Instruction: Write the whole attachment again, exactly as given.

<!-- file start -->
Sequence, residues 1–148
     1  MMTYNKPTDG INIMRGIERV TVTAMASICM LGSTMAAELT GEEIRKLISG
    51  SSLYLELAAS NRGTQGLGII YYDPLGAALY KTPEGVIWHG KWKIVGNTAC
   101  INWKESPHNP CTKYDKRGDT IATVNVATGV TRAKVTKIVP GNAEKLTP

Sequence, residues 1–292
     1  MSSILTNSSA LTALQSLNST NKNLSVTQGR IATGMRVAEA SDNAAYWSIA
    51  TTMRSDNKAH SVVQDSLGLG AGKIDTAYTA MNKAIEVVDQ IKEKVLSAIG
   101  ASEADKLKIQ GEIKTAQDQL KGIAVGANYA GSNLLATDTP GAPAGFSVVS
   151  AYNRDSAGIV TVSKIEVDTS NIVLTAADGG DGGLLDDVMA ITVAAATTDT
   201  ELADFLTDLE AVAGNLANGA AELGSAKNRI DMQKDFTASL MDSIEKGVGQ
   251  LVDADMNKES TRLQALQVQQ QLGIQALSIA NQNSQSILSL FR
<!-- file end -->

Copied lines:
Sequence, residues 1–148
     1  MMTYNKPTDG INIMRGIERV TVTAMASICM LGSTMAAELT GEEIRKLISG
    51  SSLYLELAAS NRGTQGLGII YYDPLGAALY KTPEGVIWHG KWKIVGNTAC
   101  INWKESPHNP CTKYDKRGDT IATVNVATGV TRAKVTKIVP GNAEKLTP

Sequence, residues 1–292
     1  MSSILTNSSA LTALQSLNST NKNLSVTQGR IATGMRVAEA SDNAAYWSIA
    51  TTMRSDNKAH SVVQDSLGLG AGKIDTAYTA MNKAIEVVDQ IKEKVLSAIG
   101  ASEADKLKIQ GEIKTAQDQL KGIAVGANYA GSNLLATDTP GAPAGFSVVS
   151  AYNRDSAGIV TVSKIEVDTS NIVLTAADGG DGGLLDDVMA ITVAAATTDT
   201  ELADFLTDLE AVAGNLANGA AELGSAKNRI DMQKDFTASL MDSIEKGVGQ
   251  LVDADMNKES TRLQALQVQQ QLGIQALSIA NQNSQSILSL FR